To achieve the goal of comprehensive health information record keeping and exchange among providers and patients, hospitals must have functioning electronic health record systems that contain patient demographics, care histories, lab results, and more.
Using national survey data on U.S. hospitals from 2011, the year federal incentives for the meaningful use of electronic health records began, these researchers found that the share of hospitals with any electronic health record system increased from 15.1 percent in 2010 to 26.6 percent in 2011, and the share with a comprehensive system rose from 3.6 percent to 8.7 percent. The proportion able to meet the proxy criteria for meaningful use also rose; in 2011, 18.4 percent of hospitals had these functions in place in at least one unit and 11.2 percent had them across all clinical units. However, gaps in rates of adoption of at least a basic record system have increased substantially over the past four years based on hospital size, teaching status, and location. Small, nonteaching, and rural hospitals continue to adopt electronic health record systems more slowly than other types of hospitals.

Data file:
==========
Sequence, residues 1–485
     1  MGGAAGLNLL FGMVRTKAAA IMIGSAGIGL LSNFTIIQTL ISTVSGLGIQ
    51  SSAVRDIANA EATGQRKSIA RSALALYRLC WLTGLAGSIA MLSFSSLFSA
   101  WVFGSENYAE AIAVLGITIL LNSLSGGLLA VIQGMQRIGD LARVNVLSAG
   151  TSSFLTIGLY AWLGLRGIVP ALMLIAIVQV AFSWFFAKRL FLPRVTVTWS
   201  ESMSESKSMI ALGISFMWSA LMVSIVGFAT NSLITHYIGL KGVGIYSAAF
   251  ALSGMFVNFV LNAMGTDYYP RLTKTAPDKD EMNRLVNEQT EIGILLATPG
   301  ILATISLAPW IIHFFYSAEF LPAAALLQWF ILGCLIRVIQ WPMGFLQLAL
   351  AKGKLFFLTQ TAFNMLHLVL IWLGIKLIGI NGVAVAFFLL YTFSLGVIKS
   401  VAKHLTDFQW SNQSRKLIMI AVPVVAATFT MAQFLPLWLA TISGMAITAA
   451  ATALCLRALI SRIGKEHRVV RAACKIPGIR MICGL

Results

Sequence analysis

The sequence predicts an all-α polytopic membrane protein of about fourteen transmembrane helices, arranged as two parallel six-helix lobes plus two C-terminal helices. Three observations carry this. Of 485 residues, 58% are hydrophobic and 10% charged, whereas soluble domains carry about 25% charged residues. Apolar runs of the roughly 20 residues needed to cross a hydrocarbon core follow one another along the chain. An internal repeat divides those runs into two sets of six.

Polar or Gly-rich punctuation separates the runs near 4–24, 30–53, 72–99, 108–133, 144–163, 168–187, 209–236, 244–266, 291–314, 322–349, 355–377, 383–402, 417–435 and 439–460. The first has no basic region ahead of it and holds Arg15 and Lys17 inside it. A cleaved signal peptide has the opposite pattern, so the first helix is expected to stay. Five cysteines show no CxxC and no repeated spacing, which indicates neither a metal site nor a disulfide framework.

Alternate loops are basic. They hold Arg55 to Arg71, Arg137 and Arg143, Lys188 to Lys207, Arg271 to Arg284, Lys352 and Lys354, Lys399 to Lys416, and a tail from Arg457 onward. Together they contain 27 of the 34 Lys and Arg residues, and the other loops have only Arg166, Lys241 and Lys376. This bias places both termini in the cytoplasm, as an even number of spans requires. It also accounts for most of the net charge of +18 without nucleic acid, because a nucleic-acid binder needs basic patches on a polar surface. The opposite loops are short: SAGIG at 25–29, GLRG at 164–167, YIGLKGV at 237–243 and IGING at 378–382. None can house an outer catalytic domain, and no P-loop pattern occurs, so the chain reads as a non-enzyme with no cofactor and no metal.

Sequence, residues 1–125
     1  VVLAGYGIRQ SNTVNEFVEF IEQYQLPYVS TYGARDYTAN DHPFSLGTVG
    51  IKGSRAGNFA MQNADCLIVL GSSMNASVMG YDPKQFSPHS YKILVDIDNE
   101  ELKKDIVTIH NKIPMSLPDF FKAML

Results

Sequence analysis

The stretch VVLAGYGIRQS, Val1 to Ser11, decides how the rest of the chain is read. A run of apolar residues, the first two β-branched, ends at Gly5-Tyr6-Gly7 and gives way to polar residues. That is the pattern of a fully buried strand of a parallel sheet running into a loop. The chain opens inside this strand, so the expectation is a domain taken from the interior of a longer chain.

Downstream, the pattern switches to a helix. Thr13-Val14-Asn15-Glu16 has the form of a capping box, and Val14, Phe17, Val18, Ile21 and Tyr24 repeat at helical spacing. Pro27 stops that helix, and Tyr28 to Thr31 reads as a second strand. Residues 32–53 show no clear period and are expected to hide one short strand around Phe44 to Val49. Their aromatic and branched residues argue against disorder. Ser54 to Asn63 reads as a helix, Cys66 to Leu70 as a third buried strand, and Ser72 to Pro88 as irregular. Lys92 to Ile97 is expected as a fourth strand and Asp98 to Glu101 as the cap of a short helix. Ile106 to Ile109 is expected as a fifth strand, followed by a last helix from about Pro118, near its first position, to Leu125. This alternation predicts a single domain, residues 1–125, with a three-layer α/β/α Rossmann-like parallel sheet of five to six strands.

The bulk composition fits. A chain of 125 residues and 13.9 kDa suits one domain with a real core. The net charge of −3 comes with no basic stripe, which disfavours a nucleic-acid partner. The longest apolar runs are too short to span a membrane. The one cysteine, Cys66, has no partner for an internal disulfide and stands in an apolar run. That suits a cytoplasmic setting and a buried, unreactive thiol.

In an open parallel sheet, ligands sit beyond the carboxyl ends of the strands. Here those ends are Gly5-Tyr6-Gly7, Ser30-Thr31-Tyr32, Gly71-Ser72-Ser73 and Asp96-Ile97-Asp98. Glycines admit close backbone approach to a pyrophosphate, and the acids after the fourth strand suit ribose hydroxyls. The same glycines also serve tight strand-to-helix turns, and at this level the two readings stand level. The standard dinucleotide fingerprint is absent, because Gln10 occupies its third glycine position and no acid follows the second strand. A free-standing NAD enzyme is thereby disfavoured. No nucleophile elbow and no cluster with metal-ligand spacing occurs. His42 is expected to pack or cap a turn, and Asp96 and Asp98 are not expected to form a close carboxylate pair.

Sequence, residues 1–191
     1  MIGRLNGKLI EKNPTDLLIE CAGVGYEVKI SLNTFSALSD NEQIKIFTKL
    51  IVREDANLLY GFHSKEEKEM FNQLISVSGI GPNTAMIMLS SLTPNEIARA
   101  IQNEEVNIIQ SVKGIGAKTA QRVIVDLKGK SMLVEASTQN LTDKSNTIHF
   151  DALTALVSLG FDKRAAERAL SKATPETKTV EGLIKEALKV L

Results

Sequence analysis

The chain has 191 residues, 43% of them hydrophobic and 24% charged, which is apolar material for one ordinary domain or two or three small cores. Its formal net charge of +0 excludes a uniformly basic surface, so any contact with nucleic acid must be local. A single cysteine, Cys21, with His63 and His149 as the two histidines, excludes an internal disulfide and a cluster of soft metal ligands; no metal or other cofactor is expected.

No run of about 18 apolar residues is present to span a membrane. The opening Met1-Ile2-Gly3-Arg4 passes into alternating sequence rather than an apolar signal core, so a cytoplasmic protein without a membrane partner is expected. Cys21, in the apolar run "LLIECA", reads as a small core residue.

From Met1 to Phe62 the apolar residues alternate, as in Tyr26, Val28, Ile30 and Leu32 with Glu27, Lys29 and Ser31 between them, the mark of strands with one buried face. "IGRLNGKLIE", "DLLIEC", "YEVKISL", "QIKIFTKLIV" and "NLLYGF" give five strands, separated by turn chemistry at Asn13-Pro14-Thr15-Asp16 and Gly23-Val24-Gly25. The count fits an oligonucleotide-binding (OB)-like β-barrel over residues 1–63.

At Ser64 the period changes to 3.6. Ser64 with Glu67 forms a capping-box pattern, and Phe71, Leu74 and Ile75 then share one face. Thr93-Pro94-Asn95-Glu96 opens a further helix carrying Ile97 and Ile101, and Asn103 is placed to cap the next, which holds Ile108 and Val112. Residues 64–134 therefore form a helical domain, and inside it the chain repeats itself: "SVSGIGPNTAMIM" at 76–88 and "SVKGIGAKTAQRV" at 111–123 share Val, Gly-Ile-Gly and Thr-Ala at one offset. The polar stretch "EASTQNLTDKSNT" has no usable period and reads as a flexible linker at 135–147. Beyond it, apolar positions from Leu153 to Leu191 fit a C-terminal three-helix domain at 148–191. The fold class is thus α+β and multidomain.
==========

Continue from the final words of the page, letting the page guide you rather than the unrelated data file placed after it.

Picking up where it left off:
In sum, this is mixed news for policy-makers, who should redouble their efforts among hospitals that appear to be moving slowly and ensure that policies do not further widen gaps in adoption. The researchers suggest that a more robust infrastructure for information exchange needs to be developed, and possibly a special program for the sizable minority of hospitals that have almost no health information technology at all.